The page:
A cache temporarily stores web pages you
have visited in your computer. A copy of documents you retrieve
is stored in cache. When you use GO, BACK, or any other means to
revisit a document, your browser first checks to see if it is in
cache and will retrieve it from there because it is much faster
than retrieving it from the server. If memory allocated to cache
in your computer becomes full, the browser discards older documents.
You can change the size of cache, although larger cache may affect
other operations and is limited by the amount of memory on your
Local storage of remote data designed
to reduce network transfers.
Cascading Style Sheets
CSS A mechanism that allows authors and
readers to attach the same style (e.g. fonts, colors and spacing)
to multiple HTML documents. The CSS language is human readable and
writeable, and expresses style in common desktop publishing terminology.
One of the fundamental features of CSS is that style sheets cascade;
authors can attach a preferred style sheet, while the reader may
have a personal style sheet to adjust for human or technological
Capital letters (upper case) retrieve
only upper case. Most search tools are not case sensitive or only
respond to initial capitals, as in proper names. It is always safe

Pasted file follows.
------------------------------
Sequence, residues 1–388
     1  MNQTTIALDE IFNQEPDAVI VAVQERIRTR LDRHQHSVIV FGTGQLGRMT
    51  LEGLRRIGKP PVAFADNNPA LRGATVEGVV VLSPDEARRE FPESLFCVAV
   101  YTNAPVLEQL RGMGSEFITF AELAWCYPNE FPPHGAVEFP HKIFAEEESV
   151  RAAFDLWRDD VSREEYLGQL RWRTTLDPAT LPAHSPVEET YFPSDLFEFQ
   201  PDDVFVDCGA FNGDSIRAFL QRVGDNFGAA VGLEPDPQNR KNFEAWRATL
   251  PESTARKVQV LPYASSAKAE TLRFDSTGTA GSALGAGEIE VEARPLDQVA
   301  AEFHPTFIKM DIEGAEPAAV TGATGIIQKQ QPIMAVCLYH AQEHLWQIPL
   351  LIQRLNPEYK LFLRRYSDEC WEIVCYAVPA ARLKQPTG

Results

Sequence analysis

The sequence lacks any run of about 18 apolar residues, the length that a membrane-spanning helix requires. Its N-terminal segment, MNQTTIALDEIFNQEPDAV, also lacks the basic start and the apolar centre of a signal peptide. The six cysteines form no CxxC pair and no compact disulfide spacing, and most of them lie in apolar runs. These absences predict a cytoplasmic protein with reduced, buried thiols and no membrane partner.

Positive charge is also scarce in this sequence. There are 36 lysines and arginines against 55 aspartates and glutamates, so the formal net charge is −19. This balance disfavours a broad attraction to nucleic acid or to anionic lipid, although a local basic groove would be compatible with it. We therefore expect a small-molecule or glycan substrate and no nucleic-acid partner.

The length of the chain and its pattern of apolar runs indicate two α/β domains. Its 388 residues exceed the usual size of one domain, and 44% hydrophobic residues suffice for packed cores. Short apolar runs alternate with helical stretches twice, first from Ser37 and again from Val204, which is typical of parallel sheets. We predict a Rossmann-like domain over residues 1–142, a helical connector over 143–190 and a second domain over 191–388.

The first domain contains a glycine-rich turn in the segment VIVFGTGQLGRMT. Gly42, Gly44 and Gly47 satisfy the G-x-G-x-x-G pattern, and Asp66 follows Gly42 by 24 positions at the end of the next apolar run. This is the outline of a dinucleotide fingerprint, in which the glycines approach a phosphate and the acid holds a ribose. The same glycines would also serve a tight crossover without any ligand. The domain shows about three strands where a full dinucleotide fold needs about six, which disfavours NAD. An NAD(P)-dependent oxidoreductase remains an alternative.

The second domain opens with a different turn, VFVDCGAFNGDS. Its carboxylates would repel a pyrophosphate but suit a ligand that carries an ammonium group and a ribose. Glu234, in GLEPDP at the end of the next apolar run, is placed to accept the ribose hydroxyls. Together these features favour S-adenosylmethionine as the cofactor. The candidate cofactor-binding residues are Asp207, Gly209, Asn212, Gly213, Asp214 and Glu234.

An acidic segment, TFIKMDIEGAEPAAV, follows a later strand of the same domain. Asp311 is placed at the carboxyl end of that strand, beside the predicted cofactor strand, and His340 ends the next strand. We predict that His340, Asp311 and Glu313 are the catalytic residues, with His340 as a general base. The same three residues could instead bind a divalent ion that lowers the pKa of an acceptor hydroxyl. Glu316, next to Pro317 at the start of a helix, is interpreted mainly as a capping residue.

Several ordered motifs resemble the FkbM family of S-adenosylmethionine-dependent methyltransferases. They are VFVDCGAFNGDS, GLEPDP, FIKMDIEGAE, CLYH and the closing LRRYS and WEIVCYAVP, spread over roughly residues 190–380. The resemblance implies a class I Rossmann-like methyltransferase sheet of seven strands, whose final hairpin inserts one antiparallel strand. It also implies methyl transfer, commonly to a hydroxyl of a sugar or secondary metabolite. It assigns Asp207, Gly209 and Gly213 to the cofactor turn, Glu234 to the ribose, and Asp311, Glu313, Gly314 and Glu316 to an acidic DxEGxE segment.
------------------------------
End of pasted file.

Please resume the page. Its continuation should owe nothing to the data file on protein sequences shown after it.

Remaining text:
to key all lower case (no capitals), because lower case will always
retrieve upper case.
Common Gateway Interface :: the most common way Web programs interact
dynamically with users. Many search boxes and other applications
that result in a page with content tailored to the user's search
terms rely on CGI to process the data once it's submitted, to pass
language, and then to integrate the response into a display using
CGI Binary script; a server-side program that accomplishes a task
that cannot be done using HTML. A means of extending the usefulness
and versatility of the Web enabling the display of dynamic content.
An application or computer that receives
and interprets data sent by a matching server computer/application.
Two computer systems linked by a network or modem connection where
the client computer uses resources by sending requests to the server
A graphic with sub-areas that are linked
to different URLs. The MAP that relates parts of the image to different
URLs is stored in the current file. This saves a round trip to the
server, and should display pages faster. Destination URLs can be